Mac TV ads: Gates loses cool
A tale of egos, fortunes, and potty training
As we've reported before, with its three per cent market share Apple has a fiendishly difficult job trying to persuade the 97 per cent of the market who use Windows that they're being stupid, without telling them that they're being stupid.
But Bill has an itch to scratch, and off he goes.
"And I don't know why [Apple is] acting like it's superior," fumes Gates.
"I don't even get it. What are they trying to say? Does honesty matter in these things, or if you're really cool, that means you get to be a lying person whenever you feel like it? There's not even the slightest shred of truth to it."
Pot, meet kettle.
The problem for Gates, which his minders must be now ruing, is quite straightforward.
When you're the market leader, you can never, ever be permitted to be annoyed by a rival. Even when your market share lead is a fraction of a per cent, to show any kind of irritation by a rival (however exaggerated the claim) is not only bad manners, but suggestive of some kind of insecurity.
The most insecure person in the PC business has just exposed his rival as being even more insecure than he is, and I bet Steve Jobs - as an austere fruitarian - will be waving an organic carrot around in triumph this evening.
We'd leave it there, but for this awkward factoid. If Jobs is so annoyed with Gates for stealing his vision, taste, and brilliance at execution - why does he still talk to him?
Rather than developing his own uniquely brilliant office technology, when Jobs returned to Apple he went grovelling to Gates to secure Microsoft's continued development of Microsoft Office for Mac and Microsoft Internet Explorer for Mac.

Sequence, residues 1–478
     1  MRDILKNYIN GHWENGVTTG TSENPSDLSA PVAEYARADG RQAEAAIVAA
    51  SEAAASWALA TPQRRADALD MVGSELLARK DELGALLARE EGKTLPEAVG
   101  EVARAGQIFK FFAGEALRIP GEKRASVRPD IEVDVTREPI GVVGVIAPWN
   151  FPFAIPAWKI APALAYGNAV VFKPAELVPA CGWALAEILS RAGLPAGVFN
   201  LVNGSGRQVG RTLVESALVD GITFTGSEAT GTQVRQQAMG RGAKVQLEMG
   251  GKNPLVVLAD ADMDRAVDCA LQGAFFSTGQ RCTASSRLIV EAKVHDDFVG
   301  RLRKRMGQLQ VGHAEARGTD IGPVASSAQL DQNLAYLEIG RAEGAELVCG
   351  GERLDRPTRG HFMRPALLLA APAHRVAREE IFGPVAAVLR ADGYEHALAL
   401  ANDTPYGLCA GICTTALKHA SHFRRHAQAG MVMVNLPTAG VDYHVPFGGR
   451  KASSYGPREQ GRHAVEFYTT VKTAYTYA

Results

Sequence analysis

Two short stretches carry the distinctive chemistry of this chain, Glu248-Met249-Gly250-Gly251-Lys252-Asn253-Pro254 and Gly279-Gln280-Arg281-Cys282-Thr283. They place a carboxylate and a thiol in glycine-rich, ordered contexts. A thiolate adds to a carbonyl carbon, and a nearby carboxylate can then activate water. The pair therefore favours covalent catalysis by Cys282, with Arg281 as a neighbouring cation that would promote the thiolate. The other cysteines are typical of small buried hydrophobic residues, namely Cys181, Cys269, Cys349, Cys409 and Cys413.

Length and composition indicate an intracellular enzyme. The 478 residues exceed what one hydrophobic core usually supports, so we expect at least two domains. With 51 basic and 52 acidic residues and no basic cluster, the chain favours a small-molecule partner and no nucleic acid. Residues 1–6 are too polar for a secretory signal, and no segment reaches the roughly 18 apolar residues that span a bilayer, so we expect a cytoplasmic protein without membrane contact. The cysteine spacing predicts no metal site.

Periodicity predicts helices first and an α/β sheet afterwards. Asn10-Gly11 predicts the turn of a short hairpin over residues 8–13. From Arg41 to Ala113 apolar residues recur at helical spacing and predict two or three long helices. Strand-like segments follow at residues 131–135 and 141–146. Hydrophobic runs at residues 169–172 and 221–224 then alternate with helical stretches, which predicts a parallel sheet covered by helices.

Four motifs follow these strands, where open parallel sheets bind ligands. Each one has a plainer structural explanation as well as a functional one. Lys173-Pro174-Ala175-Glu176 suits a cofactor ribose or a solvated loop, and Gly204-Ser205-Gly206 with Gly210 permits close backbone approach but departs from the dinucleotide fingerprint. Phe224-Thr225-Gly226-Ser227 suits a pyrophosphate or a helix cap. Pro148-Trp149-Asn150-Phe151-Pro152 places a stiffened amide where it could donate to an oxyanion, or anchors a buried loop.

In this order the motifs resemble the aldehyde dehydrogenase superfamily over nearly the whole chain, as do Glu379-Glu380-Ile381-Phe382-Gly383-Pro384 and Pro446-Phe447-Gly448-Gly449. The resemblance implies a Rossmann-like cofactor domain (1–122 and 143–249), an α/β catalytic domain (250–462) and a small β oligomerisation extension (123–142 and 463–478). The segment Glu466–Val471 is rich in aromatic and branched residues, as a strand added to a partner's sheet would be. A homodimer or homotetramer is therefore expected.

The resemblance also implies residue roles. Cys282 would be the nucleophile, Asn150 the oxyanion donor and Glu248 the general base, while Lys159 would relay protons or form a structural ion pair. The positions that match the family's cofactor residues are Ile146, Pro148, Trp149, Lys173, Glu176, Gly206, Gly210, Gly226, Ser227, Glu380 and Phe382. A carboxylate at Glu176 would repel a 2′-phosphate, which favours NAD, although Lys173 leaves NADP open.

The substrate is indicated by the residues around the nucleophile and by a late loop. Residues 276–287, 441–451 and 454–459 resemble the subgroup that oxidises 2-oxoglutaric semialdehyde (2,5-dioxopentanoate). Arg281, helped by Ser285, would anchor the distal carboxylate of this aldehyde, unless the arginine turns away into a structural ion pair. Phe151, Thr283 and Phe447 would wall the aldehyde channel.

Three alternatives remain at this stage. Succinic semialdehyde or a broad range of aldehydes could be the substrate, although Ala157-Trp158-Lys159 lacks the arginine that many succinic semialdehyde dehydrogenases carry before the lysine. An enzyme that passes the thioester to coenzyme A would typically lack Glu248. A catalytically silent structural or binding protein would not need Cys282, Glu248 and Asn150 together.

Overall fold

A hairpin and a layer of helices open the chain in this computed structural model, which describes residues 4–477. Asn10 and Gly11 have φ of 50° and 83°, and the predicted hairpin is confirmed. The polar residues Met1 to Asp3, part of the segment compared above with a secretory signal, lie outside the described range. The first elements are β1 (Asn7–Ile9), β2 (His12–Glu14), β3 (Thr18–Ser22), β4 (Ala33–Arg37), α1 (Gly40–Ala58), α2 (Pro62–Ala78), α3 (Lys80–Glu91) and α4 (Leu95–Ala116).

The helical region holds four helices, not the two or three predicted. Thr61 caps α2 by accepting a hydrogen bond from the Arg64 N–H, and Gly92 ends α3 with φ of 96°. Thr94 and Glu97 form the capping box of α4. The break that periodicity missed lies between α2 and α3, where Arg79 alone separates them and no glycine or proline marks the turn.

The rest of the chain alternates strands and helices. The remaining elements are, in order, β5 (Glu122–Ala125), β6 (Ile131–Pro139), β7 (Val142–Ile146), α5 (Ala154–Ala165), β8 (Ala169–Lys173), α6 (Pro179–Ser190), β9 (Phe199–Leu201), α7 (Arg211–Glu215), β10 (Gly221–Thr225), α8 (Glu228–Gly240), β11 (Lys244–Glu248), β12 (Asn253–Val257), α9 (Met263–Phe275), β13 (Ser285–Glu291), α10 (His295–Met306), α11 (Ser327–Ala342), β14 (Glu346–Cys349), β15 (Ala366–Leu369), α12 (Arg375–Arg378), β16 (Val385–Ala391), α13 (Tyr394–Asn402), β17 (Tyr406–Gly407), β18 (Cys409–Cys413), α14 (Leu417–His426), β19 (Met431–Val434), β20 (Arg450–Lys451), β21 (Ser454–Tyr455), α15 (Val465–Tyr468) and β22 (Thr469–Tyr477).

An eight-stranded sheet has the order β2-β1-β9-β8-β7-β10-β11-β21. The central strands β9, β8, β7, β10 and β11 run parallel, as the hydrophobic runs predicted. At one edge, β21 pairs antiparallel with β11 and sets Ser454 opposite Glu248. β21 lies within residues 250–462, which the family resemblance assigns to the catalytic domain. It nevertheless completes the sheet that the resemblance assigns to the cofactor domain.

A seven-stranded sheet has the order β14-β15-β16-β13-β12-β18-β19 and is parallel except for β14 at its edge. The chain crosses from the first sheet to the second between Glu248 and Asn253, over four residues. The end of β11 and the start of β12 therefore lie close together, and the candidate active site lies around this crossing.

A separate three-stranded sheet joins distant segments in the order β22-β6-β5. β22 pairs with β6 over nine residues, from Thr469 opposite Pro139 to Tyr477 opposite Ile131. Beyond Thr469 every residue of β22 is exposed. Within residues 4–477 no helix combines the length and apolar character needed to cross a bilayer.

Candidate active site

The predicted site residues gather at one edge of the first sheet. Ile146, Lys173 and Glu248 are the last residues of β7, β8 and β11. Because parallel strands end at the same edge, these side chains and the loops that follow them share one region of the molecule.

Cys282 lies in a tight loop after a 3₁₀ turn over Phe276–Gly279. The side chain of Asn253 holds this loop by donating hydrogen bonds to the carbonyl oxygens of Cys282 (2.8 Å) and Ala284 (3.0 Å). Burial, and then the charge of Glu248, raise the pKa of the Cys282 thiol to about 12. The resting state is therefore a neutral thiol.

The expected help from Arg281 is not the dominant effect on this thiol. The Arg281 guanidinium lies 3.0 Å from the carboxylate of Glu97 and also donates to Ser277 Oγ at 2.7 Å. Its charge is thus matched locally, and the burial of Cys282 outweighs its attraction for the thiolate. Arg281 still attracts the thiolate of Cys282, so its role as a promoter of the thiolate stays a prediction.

And yet Jobs casts his biological sister into purgatory - for revealing that Great Men take Dumps. You can rip off my ideas and my style, Jobs seems to be suggesting, and I'll forgive you. But don't ever, EVER, suggest I have a bodily function.
In an ideal world, Steve Jobs and Bill Gates would be granted a late night cable channel of their own devising. There they could create hugely expensive advertising campains about each other, and where we would never have to see either of these two hugely unappealing characters ever again. ®
Bootnote: "He was a man too busy too flush toilets... He didn't believe in deodorant and often professed that with a proper diet and the peppermint castile soap, you would neither perspire nor smell". So begins Mona Simpson's novel An Ordinary Guy (1996)